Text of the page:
Sunday, February 17, 2013
Today’s blog is part II of a series.
Illustrators are creative artists who are trained to interpret text. They don’t need nor expect a great deal of detail in manuscripts. Editors, too, can visualize a story and do not expect illustration notes to accompany text.
Opinions vary on illustration notes in manuscripts. Some editors don’t want any notes at all; others accept them if the notes are absolutely necessary. At a conference I attended, an editor said a well-known illustrator refused an assignment to work on a story because the manuscript contained illustration notes. When an illustration note is critical to understanding the story, a note or two may be okay, but I usually try to avoid using them.
If the story is historical fiction or nonfiction, visual references can be helpful to the illustrator. Example: a photo of a Minie ball, a civil war bullet, could be attached or the photo source noted. Visual references aren’t used for art direction purposes; instead, they are merely a source for information.
To use illustrator notes or not, that is the question. The answer depends upon the text. My advice: use them sparingly, if at all.
Next week, I’ll discuss first draft revision.
Call for submissions for adult writers:
Kasma is a digital science fiction magazine that is currently open to submissions. The magazine prefers stories 1,000 to 5,000 words, and is not closed to longer. Fantasy and other genres are not published often, but submissions of these stories are considered.
Kasma looks for “fiction that is intelligent, with well-thought out plots and characters. Beyond this, exactly what happens in your world with your characters is up to you. We enjoy a broad range and don't want to stifle author creativity by having elaborate expectations. Often enough, the best stories come as a surprise.”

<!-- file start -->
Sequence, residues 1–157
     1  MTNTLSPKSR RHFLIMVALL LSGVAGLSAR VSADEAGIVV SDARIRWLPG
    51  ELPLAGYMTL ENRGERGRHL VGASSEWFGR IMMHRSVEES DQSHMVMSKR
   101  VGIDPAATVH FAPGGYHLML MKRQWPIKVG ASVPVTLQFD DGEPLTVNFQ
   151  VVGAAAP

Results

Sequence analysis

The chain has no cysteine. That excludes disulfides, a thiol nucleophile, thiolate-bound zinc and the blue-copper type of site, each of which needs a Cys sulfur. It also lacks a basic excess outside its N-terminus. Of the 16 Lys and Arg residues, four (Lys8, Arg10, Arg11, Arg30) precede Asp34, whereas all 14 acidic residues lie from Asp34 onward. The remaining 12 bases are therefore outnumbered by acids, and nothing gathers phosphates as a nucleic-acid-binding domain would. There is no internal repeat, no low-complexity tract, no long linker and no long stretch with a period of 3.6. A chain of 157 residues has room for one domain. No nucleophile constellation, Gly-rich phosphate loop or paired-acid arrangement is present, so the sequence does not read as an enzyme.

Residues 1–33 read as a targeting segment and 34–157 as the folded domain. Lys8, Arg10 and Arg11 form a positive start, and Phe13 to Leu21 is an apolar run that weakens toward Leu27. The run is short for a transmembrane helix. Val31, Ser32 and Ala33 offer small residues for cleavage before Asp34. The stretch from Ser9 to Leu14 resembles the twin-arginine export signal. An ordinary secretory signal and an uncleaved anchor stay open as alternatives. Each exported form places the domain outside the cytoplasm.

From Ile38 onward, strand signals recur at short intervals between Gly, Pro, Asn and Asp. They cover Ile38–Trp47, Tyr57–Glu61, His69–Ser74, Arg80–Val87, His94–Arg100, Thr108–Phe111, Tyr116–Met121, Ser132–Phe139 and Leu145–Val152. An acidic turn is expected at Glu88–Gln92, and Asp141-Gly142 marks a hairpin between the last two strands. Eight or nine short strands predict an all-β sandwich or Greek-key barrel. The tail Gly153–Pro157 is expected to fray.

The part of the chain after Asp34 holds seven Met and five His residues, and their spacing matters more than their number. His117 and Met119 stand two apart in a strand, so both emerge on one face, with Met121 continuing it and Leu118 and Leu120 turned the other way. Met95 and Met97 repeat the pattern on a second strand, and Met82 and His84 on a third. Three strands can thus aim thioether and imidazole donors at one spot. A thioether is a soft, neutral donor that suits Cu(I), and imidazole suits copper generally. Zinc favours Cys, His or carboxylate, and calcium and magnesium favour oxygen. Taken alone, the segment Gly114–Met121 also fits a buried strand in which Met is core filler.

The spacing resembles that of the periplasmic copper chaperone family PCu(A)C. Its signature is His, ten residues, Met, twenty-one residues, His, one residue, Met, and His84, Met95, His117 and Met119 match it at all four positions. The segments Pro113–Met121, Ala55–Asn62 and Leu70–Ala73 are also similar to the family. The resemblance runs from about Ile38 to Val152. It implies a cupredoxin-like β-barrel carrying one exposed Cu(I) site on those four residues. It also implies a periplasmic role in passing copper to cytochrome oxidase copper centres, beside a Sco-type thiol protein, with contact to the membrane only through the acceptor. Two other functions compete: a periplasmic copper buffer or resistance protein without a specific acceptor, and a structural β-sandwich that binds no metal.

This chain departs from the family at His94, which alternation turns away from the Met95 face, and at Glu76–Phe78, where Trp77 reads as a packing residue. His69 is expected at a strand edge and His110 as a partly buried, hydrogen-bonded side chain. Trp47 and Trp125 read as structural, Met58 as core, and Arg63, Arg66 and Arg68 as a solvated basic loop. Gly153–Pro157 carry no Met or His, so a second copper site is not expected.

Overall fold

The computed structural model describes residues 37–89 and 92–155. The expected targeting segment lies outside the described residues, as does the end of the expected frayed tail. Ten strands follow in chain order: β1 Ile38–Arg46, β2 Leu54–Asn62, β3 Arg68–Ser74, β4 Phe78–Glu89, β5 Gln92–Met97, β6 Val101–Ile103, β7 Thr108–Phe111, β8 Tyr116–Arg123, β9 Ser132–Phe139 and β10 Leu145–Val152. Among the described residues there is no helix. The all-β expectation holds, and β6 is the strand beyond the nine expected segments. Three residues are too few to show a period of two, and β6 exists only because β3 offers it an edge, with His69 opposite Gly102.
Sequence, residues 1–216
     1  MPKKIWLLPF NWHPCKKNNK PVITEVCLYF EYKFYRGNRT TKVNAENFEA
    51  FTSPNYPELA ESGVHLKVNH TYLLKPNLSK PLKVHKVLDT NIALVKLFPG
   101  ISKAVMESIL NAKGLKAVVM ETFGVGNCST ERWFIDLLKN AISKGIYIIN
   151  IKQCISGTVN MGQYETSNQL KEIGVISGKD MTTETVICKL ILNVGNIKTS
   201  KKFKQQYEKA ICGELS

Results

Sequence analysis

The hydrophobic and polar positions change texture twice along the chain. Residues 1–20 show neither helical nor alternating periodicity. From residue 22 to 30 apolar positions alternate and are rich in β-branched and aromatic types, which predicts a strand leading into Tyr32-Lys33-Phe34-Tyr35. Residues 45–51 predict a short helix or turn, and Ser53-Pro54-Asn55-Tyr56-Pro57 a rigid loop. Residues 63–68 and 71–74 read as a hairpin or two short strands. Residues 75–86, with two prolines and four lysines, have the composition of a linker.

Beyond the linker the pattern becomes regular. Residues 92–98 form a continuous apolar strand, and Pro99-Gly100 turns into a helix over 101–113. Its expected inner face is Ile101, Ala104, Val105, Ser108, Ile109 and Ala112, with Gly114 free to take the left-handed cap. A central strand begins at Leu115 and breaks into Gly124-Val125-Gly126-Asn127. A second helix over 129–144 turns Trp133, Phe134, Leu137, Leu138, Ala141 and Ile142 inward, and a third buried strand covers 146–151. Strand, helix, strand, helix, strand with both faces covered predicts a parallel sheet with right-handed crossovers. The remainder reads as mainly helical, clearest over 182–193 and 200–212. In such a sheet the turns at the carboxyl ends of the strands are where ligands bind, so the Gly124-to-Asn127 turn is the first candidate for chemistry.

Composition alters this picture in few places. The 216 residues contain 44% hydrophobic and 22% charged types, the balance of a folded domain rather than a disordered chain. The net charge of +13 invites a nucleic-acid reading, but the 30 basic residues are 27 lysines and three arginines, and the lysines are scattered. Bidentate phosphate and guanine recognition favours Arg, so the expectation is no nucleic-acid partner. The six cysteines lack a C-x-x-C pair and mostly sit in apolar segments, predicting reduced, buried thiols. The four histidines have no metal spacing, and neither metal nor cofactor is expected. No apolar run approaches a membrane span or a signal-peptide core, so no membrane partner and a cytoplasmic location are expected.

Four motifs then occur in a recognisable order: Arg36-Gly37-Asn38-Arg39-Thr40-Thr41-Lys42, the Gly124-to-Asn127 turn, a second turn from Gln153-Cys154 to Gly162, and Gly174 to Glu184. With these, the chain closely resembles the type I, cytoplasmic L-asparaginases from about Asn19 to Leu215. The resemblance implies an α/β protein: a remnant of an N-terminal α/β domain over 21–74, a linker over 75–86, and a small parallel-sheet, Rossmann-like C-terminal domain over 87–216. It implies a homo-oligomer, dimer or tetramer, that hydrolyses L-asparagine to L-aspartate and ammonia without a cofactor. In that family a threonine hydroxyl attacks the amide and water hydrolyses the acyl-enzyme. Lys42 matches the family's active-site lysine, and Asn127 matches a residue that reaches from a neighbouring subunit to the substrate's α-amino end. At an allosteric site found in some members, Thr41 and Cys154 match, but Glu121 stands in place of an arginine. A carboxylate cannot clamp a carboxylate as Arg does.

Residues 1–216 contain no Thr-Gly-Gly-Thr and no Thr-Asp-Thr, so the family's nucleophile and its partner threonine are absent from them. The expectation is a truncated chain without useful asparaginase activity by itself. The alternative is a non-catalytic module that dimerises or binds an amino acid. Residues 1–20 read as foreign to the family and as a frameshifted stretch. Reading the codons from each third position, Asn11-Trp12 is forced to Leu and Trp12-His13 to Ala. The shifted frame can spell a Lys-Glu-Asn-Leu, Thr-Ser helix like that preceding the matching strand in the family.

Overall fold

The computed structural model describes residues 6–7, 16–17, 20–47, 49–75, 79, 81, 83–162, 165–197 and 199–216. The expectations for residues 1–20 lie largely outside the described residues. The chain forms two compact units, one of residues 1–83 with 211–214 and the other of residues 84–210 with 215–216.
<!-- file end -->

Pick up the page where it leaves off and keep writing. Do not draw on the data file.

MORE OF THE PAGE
Email stories in the body of the email to editors@kasmamagazine. com.
Submission details at www.kasmamagazine.com
Call for submissions for young writers:
Cuckoo Quarterly. An online literary publication of poetry, short fiction, rants, reviews, interviews, and more. Open to submissions from youth under 19 years, with no restrictions on genre or format. The theme for issue 6 is “Power”
For the themed section we will accept writing of any form (poetry/non-fiction/script/illustration etc) relating to the chosen subject. Interesting or unusual angles on this subject are encouraged! Please mention in the accompanying email that the work is intended for the themed section.
Deadline for issue 6 is 15 March 2013
Submission guidelines at http://www.cuckooquarterly.com/?page_id=114
Check out more contests on my blog: http://nancykellyallen.blogspot.com/